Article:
Carex plantaginea – Seersucker Sedge

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A couple of weeks ago, as I went riding by the Nantahala river wishing that spring would hurry up and come, I marveled at the thousands and thousands of seersucker sedge plants that grew  on its banks. (along with Christmas fern, intermediate wood fern and Fraser sedge)

My blog has a tag phrase, Gardening with native plants...well, I don’t really garden, garden. I more or less get obsessed with the fact that we are surrounded by these beautiful plants which people sell and buy and pay good money for.  I do bring some of them into the “garden”, or rather beds on the property, but mostly I admire and enjoy them in situ.  I can’t get over that these plants I photograph, collect, and write about are simply where nature placed them.

And what a sight those sites are! (remember, that in situ simply means in or on the site in Latin. I could not resist being punny!) To take some of the photographs for this blog, I parked the car next to this stream where ferns and sedge were growing which gives you an idea of the environment Carex plantaginea likes.

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There are a couple of things about this sedge which I want to share.  For one thing, over the years I have collected many books on Appalachian and North Carolina plants and for a long time I was frustrated  because I could not find any reference to this plant and determine what it was. It simply “isn’t there”, which is a shame because the other thing I want to share is that now being able to search the Internet  and knowing the name of plant,  I find that many plant nurseries sell Carex plantaginea.  And, for good reason.  Click here, here, and here for some links to commercial nurseries offering the plant and you will get the idea.

The plant grows naturally along streams like the one in the photograph, so a shady, rather moist environment would be the best place for it in the garden.  The plants I have in my garden behave like hardy perennials, which not only take well to being away from a stream but apparently send out seeds which produce new plants  as several  have appeared on their own after the initial one was planted.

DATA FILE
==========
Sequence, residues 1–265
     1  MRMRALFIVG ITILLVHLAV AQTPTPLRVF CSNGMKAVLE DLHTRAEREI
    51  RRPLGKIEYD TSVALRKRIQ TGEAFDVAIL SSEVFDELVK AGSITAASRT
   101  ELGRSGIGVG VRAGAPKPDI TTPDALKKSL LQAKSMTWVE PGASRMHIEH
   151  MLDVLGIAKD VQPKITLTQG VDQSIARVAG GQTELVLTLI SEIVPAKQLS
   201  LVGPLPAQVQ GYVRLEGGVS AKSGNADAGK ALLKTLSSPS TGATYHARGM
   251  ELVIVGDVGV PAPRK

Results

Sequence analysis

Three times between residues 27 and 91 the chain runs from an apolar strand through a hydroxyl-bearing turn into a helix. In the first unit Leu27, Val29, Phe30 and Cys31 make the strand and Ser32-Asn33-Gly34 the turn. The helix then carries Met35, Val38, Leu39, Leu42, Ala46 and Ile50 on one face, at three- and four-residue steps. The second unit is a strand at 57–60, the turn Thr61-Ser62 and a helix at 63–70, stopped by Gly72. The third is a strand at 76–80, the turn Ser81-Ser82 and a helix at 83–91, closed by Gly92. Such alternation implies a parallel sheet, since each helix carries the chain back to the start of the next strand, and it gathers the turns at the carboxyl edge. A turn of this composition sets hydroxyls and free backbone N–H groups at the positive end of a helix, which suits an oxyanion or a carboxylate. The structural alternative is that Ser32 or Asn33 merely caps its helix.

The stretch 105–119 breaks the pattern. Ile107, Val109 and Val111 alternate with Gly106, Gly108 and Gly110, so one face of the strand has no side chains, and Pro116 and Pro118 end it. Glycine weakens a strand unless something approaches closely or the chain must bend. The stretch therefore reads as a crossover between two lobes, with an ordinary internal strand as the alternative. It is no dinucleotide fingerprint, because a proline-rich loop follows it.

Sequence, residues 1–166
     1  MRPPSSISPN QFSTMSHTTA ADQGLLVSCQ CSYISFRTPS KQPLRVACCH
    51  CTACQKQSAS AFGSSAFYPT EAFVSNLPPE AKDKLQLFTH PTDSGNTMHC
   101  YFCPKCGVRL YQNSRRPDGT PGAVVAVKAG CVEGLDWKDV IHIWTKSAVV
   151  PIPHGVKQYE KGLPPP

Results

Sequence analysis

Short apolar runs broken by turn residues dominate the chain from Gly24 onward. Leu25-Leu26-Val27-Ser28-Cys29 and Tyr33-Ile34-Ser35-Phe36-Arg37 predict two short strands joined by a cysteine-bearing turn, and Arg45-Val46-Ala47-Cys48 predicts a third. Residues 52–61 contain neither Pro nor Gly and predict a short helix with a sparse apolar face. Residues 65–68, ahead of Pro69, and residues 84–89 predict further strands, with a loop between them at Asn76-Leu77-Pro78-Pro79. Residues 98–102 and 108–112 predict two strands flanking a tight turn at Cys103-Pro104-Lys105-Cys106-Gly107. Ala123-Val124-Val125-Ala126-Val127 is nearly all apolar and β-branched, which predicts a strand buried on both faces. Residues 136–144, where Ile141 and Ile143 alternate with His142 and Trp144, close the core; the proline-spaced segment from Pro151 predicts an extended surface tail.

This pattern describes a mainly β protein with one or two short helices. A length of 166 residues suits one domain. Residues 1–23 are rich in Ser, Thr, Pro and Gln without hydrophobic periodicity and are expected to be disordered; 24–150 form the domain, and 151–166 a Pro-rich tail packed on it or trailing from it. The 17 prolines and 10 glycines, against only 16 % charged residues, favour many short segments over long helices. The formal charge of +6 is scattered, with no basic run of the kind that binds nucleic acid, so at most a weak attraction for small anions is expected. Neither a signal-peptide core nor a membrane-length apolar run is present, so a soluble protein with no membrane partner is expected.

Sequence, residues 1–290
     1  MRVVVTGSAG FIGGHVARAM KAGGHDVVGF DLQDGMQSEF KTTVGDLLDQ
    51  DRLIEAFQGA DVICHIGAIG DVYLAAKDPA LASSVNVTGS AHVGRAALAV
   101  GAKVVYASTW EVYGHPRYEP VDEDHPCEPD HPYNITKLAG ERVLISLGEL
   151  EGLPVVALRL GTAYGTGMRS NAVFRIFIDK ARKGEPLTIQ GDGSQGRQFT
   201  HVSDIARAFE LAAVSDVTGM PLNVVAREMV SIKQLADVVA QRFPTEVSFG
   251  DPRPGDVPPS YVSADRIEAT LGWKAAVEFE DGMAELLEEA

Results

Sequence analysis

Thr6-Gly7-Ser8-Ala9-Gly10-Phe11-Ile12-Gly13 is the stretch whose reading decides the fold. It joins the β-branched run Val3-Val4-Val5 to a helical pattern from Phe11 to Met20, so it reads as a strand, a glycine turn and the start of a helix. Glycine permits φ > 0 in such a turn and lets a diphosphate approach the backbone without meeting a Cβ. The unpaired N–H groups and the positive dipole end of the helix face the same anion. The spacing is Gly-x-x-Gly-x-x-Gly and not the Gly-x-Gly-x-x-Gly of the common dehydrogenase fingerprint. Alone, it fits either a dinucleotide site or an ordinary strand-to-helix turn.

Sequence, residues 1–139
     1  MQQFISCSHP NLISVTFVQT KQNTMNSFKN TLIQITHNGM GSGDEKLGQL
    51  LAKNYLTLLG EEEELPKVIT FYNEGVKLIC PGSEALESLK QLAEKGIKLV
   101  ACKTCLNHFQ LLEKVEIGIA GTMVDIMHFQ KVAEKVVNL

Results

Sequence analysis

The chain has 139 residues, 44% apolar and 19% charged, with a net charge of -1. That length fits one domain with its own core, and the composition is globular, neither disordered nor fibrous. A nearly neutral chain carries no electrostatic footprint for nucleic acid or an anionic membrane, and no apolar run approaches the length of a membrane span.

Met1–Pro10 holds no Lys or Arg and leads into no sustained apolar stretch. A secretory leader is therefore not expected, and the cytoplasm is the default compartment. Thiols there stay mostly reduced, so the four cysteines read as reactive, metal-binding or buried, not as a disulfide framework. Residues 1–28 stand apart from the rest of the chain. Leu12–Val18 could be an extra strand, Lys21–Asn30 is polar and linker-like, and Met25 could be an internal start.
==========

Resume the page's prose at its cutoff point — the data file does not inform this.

The plant is evergreen, and wildlife will eat it in the winter.  I can’t tell whether rabbits, groundhogs, or deer, but their nibbling on it does not destroy the plant.  It is hardy.  Remember, not all native plants like being moved into the garden, but this plant not only does not mind it, but does well.

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This photograph shows the crinkly leaves which give Carex plantaginea its common name, Seersucker Sedge. It also goes by another common name, Plantainleaf Sedge.  The plant’s flowers are not remarkable or showy, but, interesting.

In early March (in Nantahala), little spikes of about 6″ in height begin to appear in the center of the plant which will bear the flowers. The photograph below shows the spikes growing out of a plant which has been enjoyed by wildlife, but, obviously, not really harmed.

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A close up

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The little spikes open up, as in the next photograph, and as the season progresses will produce  achenes which are tiny one-seeded  fruit.  For a good explanation of what an  achene is, which is posted by the Ohio site, click here 

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A fun plant, I think.  A little unusual and it does really well in the garden given a shady spot.

The genus Carex means “grass with sharp edge” in Latin, according to the Note in the entry for Carex plantaginea in  Wildflowers of Tennessee, the Ohio Valley and the Southern Appalachians, which was re-published last summer.


I highly recommend this book to anyone who wants a reference source on native plants of the area.  The book is organized by plant families and very easy to flip through and find a photograph which will help identify your find.

Other species in the genera are always mentioned, which is great, and the botanical explanation is thorough.  Informative notes such as the meaning of the word Carex in the entry for Carex plantaginea are included which add a lot, in my view. The size is great, also, as is the very good cross-referenced index and the glossary which is illustrated with line drawings.  Click on the title above and the link will take you to the book’s Amazon page.



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